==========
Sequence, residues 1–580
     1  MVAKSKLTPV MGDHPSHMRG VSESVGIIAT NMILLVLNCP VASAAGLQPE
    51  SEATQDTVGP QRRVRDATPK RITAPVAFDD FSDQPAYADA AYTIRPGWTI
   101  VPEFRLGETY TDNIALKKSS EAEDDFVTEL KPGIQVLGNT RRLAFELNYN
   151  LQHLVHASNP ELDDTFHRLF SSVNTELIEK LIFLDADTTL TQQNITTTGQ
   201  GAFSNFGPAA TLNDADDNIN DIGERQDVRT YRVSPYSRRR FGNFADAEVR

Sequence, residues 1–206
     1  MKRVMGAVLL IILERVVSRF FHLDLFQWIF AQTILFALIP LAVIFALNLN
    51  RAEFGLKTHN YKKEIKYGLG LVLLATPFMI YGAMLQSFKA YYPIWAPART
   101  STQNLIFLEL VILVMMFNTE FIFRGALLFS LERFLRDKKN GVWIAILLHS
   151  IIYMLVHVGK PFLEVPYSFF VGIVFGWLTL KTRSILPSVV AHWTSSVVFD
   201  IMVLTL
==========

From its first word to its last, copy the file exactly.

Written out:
Sequence, residues 1–580
     1  MVAKSKLTPV MGDHPSHMRG VSESVGIIAT NMILLVLNCP VASAAGLQPE
    51  SEATQDTVGP QRRVRDATPK RITAPVAFDD FSDQPAYADA AYTIRPGWTI
   101  VPEFRLGETY TDNIALKKSS EAEDDFVTEL KPGIQVLGNT RRLAFELNYN
   151  LQHLVHASNP ELDDTFHRLF SSVNTELIEK LIFLDADTTL TQQNITTTGQ
   201  GAFSNFGPAA TLNDADDNIN DIGERQDVRT YRVSPYSRRR FGNFADAEVR

Sequence, residues 1–206
     1  MKRVMGAVLL IILERVVSRF FHLDLFQWIF AQTILFALIP LAVIFALNLN
    51  RAEFGLKTHN YKKEIKYGLG LVLLATPFMI YGAMLQSFKA YYPIWAPART
   101  STQNLIFLEL VILVMMFNTE FIFRGALLFS LERFLRDKKN GVWIAILLHS
   151  IIYMLVHVGK PFLEVPYSFF VGIVFGWLTL KTRSILPSVV AHWTSSVVFD
   201  IMVLTL